Asthma Pets

According to the National Heart, Lung and Blood Institute, the number of asthma and allergy cases is on the rise: nearly twice as many cases are currently reported as compared to twenty years ago. What has caused this drastic increase?

Scientists are working frantically to figure out what can be done to reverse this trend. While no conclusive solution has emerged yet, some interesting theories are being tested. One of the leading theories, known as the hygiene hypothesis, examines the potential risks of “over-cleanliness” versus the potential benefits of allergen exposure at a young age. However, the hygiene hypothesis is still highly controversial.

The Hygiene Hypothesis

Modern, sterile living conditions result in less exposure to a variety of toxins and microorganisms at an early age. The hygiene hypothesis suggests that this reduced contact with potential allergens has ironically caused the surge in allergy and asthma cases.

Simply, the argument claims that a lack of exposure to these stimuli is detrimental to the developing immune system, placing individuals at a greater risk of overreacting when they are eventually exposed to allergic triggers later in life. Essentially, the hygiene hypothesis asserts that the immune system should be tested and trained at a young age in order to be properly balanced.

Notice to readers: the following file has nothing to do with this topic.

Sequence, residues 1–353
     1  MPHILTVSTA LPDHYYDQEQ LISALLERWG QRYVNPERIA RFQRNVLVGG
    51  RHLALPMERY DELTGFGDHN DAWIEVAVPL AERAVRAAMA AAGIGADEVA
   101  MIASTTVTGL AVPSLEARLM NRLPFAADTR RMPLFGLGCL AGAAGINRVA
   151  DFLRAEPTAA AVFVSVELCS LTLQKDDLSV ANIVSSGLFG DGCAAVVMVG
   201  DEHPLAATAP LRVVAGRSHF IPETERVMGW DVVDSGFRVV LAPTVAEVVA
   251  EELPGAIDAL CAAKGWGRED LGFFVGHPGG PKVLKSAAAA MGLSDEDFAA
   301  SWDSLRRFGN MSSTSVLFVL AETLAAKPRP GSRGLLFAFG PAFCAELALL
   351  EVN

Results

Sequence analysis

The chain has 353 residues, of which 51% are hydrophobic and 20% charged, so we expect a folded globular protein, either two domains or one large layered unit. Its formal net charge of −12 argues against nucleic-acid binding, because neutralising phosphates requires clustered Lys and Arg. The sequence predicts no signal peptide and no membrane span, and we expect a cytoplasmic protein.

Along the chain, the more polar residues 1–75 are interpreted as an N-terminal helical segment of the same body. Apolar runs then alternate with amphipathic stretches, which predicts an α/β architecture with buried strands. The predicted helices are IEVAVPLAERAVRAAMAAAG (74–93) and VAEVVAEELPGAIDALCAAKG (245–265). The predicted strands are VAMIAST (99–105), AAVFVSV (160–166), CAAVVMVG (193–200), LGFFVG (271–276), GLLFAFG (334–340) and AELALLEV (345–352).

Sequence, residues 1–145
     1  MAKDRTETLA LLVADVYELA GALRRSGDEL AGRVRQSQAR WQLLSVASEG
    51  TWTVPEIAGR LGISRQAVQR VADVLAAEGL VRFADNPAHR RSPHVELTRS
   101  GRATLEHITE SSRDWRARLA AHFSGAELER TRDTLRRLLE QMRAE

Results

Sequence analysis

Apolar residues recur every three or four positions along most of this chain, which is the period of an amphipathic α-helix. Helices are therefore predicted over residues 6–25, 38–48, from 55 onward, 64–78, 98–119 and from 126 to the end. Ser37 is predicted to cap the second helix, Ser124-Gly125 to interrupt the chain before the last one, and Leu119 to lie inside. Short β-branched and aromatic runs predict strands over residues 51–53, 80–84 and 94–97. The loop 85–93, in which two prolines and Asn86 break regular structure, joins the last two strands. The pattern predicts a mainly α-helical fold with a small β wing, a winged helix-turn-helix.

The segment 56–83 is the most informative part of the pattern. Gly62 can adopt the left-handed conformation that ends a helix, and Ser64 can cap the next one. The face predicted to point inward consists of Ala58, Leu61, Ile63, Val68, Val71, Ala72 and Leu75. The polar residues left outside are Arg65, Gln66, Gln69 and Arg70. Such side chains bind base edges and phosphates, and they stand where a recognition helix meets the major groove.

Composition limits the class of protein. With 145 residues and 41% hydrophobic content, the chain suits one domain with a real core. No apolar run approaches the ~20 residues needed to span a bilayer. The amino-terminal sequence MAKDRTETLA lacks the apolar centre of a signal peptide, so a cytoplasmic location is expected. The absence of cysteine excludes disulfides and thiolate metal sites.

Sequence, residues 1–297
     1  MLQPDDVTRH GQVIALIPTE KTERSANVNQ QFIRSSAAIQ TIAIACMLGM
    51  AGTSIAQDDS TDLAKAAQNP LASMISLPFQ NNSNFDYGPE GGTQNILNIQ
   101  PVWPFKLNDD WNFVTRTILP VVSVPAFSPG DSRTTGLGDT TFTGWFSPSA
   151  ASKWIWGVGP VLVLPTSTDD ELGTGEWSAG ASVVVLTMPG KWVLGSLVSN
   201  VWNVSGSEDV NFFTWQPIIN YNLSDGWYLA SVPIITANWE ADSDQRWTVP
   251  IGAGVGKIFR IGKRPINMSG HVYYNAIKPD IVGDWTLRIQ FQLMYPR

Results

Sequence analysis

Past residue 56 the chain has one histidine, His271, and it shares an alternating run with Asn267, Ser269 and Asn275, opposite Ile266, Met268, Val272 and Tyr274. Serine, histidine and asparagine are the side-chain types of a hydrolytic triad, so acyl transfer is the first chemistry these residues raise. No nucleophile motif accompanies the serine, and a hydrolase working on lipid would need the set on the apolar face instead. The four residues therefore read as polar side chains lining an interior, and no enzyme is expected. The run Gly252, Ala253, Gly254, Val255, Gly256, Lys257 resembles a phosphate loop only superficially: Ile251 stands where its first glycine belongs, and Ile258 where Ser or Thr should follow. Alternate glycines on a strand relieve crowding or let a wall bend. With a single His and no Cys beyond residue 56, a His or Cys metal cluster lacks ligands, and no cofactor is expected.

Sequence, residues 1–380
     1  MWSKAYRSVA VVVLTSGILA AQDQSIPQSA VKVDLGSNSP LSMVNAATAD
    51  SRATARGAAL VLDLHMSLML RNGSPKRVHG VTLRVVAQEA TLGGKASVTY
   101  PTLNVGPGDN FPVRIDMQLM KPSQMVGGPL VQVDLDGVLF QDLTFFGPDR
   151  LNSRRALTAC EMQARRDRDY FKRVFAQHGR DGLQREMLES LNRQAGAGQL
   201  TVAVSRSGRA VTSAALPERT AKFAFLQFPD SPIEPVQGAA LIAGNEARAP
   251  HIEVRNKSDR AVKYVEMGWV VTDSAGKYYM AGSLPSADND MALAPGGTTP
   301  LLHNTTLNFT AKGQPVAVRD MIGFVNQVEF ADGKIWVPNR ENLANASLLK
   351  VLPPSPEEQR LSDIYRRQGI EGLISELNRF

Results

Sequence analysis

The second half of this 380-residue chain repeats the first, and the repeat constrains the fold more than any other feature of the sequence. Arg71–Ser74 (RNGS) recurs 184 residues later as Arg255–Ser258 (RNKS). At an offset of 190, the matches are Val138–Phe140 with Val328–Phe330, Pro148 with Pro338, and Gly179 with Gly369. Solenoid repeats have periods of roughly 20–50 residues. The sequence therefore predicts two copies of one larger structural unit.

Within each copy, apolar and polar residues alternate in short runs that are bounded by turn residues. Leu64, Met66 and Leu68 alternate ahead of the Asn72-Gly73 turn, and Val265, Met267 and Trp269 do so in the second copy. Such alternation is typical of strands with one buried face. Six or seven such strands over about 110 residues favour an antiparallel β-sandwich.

Mixed Results

Compelling scientific evidence supports the hygiene hypothesis. Several studies have been published providing support for the notion that kids who grow up in homes with cats and dogs have far fewer problems with allergies and asthma. The research argues that exposure to animal dander and the rich variety of allergens associated with pets stimulates the production of the immune system’s T-cells early on.

However, in the last couple of years there has been a backlash in the scientific community: recent reports claim that exposure to dogs and cats at a young age can actually increase the risk of developing asthma and allergies. Clearly, the validity of the hygiene hypothesis is still in question.

The Complicated Truth About Asthma

That can we make of all of this, and what is the consensus of the research results? Unfortunately, it remains unclear whether having pets at home bears any weight at all on preventing or promoting the development of asthma and allergies. What does remain clear, however, is that people who have already developed asthma or allergies should avoid potential triggers such as animal dander, pollen and tobacco smoke.

An Answer in Sight

Part of the difficulty in obtaining conclusive evidence in this debate is the complexity of designing a properly controlled study. Because cat and dog allergens are present everywhere, non-pet owners have often already been exposed.

A three and a half year research study, which began in 2001, was designed to reveal how exposure to cat, dog and mite allergens in developing children would affect their development of asthma and allergies later in life. This ongoing study, under the direction of members of the North West Lung Research Centre in Manchester, UK, differs from others in that it is performed longitudinally over a long period of time and is stringently controlled.

Two groups are under observation: an active group with strict instructions and hygienic guidelines intended to reduce the level of allergens in the home and a control group. Hopefully, the results of this study will provide a better idea of whether having pets at home influences our children’s health.